In its quest to become strategic, talent acquisition has made slow progress. While a majority of recruiting teams and leaders meet regularly with senior management, that doesn’t mean they’re consulted on important decisions. Even when they are, their influence is so limited 4-in-10 say they exert none.
These stark findings come from a report released this morning by TLNT Research and underwritten by Bounty Jobs. Talent Acquisition’s Evolution to Strategic Business Partner details the results of a survey of HR and talent acquisition professionals, which asked about the role recruiting plays in business decisions. The TLNT survey found:
- Only 28% of organizations regularly consult their TA teams about important decisions. 39% rarely, if ever, do.
- Although 56% of respondents report TA and senior leaders meet at least monthly, less than half say management is “very informed” about recruiting initiatives.
- And only at 1-in-4 organizations do leaders consult with TA before making important decisions.
However, other, more positive results show that talent acquisition is making progress toward playing a strategic role. For example,
- A third of all respondents agree that business strategy or goals are adjusted as a result of recruiting’s input.
- Four-in-10 survey participants report that where they work, TA plays a “critical role” in brand awareness and reputation, and in revenue growth.
- And, to look at a previous data point differently, half of the survey respondents say leaders at least sometimes consult with their TA teams.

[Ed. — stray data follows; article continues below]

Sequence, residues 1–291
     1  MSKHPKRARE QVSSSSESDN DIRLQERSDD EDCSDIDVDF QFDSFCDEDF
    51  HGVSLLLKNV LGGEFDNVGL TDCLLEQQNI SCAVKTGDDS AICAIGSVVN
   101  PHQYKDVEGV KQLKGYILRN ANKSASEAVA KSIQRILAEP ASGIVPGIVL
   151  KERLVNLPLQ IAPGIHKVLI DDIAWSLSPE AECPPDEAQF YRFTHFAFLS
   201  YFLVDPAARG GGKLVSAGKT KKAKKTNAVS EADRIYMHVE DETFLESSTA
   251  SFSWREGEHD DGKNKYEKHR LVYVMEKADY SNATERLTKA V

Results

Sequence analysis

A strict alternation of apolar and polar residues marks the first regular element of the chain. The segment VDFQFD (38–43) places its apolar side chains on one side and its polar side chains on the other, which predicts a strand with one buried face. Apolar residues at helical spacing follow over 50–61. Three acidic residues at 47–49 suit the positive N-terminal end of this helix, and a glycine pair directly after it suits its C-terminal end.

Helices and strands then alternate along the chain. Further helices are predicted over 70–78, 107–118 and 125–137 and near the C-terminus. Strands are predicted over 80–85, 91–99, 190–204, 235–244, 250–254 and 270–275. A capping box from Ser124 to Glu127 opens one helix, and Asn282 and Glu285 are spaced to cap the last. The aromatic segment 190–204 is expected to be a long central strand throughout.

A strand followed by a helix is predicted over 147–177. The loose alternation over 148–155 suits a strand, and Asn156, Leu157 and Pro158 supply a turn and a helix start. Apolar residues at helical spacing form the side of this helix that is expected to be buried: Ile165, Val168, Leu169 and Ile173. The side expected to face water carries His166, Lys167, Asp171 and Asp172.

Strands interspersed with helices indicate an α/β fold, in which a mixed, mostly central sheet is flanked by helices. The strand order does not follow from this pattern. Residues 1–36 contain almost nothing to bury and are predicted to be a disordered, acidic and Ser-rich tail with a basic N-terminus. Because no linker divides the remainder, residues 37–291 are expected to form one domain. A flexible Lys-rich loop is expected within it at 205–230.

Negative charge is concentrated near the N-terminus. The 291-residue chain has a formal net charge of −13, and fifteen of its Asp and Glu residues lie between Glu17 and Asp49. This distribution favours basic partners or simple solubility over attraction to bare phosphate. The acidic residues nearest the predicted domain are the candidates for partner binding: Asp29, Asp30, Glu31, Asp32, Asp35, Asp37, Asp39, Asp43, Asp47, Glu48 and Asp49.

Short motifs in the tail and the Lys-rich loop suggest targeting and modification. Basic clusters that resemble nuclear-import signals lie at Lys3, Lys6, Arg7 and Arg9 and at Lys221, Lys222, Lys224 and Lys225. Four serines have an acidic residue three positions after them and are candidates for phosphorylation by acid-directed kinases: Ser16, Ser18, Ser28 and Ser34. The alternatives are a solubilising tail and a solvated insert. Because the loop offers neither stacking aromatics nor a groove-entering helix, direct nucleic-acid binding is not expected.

While the survey provides a look at where TA is today — perhaps the first detailed benchmarking of the strategic role of talent acquisition — the survey is only a portion of the overall report. One key sections discusses what it means to be strategic and how to get there. In an interview with the head of TA Strategy for an international pharmaceutical firm, the guidance is that recruiting has to start on the road by working among its own team. Don’t force everyone into a “strategy role.” And don’t accept “filtered down” information from business leaders.
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Another section focuses on the key pressures that are driving the transformation of talent acquisition. Some are obvious: the talent shortage, competitive business pressures and the increasing use of contingent workers. Others are less obvious — communication, for example, especially when it comes to providing data to hiring managers.
The report also looks at some of the roadblocks in recruiting’s transformation. Recruiting budgets for 1-in-5 organizations hasn’t changed since 2015; for 15% it has gone down. A second and potentially even more significant issue is how recruiter performance is measured. Among the top 5 metrics, the only one arguably related to business strategy is quality of hire; it was cited by just under half the survey takers. 70% of respondents said their top performance measure was time to fill.